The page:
In the context of capital projects a higher discount rate is a quick and relatively simple way to compensated for risk. The reason why this is the case is that the higher the discount rate the lower the NPV for future cashflows - this illustrates the riskiness of cashflows that occur far into the future.
You are correct in that the higher discount rate will also reduce the value of the negative cashflows. However, in most capital projects most of the negative cashflows (costs associated with setting up the project) occur at and around the start of the project which results in the discount rate not having that much of an effect on the NPV for these cashflows. Other negative cashflows that occur regularly would be running expenses that are typically much lower than the initial costs, making them not very sensitive to the discount rate assumption.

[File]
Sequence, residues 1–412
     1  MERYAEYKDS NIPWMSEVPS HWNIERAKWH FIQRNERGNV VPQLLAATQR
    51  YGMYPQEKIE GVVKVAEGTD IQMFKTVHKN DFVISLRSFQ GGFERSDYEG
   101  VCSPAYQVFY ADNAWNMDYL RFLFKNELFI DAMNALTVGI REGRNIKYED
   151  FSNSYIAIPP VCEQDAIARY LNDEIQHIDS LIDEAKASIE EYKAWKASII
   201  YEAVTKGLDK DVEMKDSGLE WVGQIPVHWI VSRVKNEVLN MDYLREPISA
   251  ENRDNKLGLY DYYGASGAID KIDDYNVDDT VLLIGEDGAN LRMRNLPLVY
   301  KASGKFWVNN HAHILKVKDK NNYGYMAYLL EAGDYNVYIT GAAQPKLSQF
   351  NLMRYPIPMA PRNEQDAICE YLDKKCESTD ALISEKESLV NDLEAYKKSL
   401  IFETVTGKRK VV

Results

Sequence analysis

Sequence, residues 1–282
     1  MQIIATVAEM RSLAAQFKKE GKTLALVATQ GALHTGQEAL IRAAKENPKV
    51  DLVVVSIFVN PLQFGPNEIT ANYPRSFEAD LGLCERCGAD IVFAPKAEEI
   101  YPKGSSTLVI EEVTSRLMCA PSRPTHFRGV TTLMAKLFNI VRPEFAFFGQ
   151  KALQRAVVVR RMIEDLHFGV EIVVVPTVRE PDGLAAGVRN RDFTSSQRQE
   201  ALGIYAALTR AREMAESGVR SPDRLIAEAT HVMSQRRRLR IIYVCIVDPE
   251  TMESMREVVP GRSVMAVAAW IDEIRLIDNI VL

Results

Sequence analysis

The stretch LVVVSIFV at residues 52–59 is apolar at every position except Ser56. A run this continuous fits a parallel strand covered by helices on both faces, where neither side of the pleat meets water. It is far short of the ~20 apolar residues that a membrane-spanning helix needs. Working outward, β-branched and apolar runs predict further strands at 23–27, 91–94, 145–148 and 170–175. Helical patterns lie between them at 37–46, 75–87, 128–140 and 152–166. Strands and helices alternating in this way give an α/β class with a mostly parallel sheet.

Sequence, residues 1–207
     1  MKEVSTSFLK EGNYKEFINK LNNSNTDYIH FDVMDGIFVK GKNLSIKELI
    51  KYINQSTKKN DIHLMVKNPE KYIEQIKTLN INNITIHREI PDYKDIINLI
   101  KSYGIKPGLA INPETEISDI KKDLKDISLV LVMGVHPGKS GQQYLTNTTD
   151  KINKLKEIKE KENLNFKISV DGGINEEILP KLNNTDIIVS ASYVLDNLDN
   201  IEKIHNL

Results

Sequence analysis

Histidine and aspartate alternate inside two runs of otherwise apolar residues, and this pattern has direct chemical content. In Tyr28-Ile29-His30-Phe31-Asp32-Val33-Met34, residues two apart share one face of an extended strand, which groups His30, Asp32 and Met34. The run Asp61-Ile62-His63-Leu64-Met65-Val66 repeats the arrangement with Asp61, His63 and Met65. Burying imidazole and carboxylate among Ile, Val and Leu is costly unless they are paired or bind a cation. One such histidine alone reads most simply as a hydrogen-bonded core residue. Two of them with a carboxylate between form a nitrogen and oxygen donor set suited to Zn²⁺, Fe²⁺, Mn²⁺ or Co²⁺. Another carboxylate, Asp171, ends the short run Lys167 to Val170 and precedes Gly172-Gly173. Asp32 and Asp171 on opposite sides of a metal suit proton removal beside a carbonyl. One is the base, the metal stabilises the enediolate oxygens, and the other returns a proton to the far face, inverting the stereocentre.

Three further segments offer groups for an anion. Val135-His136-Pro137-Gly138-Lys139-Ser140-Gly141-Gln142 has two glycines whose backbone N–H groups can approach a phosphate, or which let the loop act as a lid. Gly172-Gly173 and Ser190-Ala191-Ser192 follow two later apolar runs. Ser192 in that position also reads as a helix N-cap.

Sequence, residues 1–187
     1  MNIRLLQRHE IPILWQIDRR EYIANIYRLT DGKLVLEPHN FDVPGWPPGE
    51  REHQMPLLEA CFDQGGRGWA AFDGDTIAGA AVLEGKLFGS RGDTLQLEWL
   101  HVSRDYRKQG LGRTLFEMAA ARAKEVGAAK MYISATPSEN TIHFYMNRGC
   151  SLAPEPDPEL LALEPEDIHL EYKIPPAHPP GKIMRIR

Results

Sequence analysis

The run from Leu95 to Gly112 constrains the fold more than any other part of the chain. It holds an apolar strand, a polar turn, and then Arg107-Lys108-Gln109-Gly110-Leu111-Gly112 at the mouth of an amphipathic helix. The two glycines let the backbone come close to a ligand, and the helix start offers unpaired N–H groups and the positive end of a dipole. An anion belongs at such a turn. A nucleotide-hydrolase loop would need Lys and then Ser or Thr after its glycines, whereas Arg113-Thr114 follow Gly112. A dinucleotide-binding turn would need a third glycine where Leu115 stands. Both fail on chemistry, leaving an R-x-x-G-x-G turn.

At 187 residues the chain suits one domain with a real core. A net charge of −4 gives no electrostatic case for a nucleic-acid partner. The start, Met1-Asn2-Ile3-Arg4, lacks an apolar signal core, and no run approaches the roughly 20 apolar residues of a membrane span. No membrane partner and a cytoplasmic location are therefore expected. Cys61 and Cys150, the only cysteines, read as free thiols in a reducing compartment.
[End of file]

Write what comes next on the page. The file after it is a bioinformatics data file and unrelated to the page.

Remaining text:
If the project is expected to have rather large negative cashflows at later dates then a high discount rate would unduly suppress their effect on the NPV. Other methods to account for this would then be advised, e.g. attaching probabilities to the negative cashflows to account for their risk and using a lower discount rate.
For another discussion around the use of the discount rates to account for risk refer to a question asked here.